Schumer open to international tax reform this year

Schumer open to international tax reform this year
© Cameron Lancaster

Sen. Charles SchumerCharles (Chuck) Ellis SchumerDem senators debate whether to retweet Cardi B video criticizing Trump over shutdown William Barr's only 'flaw' is that he was nominated by Trump Cardi B expresses solidarity with federal workers not getting paid MORE (D-N.Y.) on Tuesday said he is interested in working with other lawmakers to see if an agreement on international tax reform can be reached as soon as this year.

“I’m game to do it because I think it’s really important for American competitiveness,” he said at a Senate Finance Committee hearing on business tax reform.

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Schumer, who is expected to become Senate Democratic leader next year, discussed international tax reform last year with Sen. Rob PortmanRobert (Rob) Jones PortmanSenators look for possible way to end shutdown GOP reasserts NATO support after report on Trump’s wavering Leaders nix recess with no shutdown deal in sight MORE (R-Ohio) and now-Speaker Paul RyanPaul Davis RyanGOP can't excommunicate King and ignore Trump playing to white supremacy and racism House vote fails to quell storm surrounding Steve King House passes resolution condemning white nationalism MORE (R-Wis.).

House Ways and Means Committee Chairman Kevin BradyKevin Patrick BradyTexas governor, top lawmakers tell Trump not to use hurricane relief funds to build border wall Trump on declaring national emergency: 'Not going to do it so fast' Dems look to chip away at Trump tax reform law MORE (R-Texas) said earlier this month that lawmakers are building off those discussions and that the timing of a bill will depend on when consensus can be reached.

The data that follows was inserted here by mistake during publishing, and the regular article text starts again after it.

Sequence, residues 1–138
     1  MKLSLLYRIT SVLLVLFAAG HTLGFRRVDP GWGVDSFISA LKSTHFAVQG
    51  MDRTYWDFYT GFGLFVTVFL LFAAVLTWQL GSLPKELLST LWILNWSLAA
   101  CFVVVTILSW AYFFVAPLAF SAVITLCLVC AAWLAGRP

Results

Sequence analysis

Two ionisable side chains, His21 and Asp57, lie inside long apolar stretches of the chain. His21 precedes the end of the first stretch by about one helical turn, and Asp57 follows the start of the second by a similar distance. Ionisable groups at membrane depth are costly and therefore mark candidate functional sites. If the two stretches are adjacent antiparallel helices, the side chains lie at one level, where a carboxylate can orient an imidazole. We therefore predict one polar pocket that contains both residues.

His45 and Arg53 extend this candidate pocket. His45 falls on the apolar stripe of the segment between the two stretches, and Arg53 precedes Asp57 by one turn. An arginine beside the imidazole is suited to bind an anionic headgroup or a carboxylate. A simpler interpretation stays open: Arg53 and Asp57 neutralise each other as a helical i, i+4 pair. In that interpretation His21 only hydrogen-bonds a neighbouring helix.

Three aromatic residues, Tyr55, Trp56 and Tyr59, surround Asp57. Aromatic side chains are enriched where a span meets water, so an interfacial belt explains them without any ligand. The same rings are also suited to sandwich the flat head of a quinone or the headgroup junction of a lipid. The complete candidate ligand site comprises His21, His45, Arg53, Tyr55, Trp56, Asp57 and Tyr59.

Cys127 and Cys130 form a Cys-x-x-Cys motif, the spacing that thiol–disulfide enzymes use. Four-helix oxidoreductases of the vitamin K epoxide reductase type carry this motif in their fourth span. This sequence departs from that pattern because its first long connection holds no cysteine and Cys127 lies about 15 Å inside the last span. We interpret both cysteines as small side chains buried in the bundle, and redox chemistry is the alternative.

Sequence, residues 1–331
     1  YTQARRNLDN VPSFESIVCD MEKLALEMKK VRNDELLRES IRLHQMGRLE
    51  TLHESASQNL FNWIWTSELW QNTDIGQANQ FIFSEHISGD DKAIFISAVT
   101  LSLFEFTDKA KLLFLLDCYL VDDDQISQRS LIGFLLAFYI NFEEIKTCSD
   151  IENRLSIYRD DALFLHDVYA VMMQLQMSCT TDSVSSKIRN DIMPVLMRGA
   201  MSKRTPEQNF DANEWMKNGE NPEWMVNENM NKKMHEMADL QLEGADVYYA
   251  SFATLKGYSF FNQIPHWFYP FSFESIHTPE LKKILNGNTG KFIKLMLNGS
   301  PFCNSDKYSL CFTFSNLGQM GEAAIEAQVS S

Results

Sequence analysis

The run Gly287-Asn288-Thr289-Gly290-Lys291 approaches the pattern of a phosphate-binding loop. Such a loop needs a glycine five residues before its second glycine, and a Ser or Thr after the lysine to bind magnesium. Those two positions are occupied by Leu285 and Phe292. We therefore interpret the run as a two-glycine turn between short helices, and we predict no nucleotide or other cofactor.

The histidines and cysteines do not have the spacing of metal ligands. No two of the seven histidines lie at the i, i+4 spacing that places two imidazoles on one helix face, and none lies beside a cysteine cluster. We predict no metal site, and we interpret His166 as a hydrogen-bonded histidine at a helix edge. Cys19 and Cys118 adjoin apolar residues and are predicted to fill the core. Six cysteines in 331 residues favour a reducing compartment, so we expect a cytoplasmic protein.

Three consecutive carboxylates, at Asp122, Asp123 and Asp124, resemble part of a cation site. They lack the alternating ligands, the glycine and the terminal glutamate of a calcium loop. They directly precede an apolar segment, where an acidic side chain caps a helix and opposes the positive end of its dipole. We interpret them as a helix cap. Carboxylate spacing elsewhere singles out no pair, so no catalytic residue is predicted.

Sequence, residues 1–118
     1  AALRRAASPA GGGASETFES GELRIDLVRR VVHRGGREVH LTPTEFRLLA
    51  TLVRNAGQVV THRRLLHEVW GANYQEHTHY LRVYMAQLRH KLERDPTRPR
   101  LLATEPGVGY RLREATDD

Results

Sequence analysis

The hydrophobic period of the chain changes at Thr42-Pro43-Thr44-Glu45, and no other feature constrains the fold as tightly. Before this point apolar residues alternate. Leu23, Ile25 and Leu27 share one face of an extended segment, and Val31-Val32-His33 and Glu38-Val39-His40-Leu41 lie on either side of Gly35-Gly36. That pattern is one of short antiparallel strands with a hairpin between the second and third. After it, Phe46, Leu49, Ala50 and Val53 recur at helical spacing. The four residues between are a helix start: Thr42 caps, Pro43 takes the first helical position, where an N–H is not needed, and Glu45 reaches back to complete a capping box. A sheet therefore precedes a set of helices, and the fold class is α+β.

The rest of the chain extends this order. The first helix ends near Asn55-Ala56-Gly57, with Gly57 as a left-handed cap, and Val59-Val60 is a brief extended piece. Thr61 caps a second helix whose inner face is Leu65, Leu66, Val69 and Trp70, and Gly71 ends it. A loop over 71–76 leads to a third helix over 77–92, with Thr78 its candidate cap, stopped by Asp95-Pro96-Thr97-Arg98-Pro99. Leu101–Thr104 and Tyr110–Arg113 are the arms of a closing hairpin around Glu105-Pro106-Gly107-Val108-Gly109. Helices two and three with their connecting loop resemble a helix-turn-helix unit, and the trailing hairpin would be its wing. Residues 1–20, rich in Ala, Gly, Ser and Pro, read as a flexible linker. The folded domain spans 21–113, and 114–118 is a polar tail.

Schumer said Tuesday that he and other Finance Committee Democrats are still ready to work with committee chairman Sen. Orrin HatchOrrin Grant HatchPhRMA CEO 'hopeful' Trump officials will back down on drug pricing move Live coverage: Trump AG pick grilled on Mueller probe at confirmation hearing Trump praises RNC chairwoman after she criticizes her uncle Mitt Romney MORE (R-Utah) to reach a deal.

“My advice would be, let’s do the international side first, then we can deal with all the complicated issues elsewhere,” he said.

Senate Majority Leader Mitch McConnellAddison (Mitch) Mitchell McConnellSenate Republicans eye rules change to speed Trump nominees McConnell blocks bill to reopen most of government Overnight Health Care: Thousands more migrant children may have been separated | Senate rejects bill to permanently ban federal funds for abortion | Women's March to lobby for 'Medicare for All' MORE (R-Ky.) has indicated that he would prefer to address corporate tax reform as part of comprehensive tax reform next year.

In his opening statement at the hearing, Hatch said Congress should find common ground on comprehensive tax reform, but that such an overhaul will have to wait because the Obama administration has not made tax reform a priority.

“In the interim, this committee will continue to lay the foundation and develop pro-growth proposals for when the appropriate opportunity arises,” Hatch said. He said he is working on a proposal on “corporate integration,” which would eliminate the double taxation of corporate income.

“Depending on its design, corporate integration could have the effect of reducing the effective corporate tax rate and help address some of the strong incentives we are seeing today for companies to relocate their headquarters outside of the United States,” Hatch said.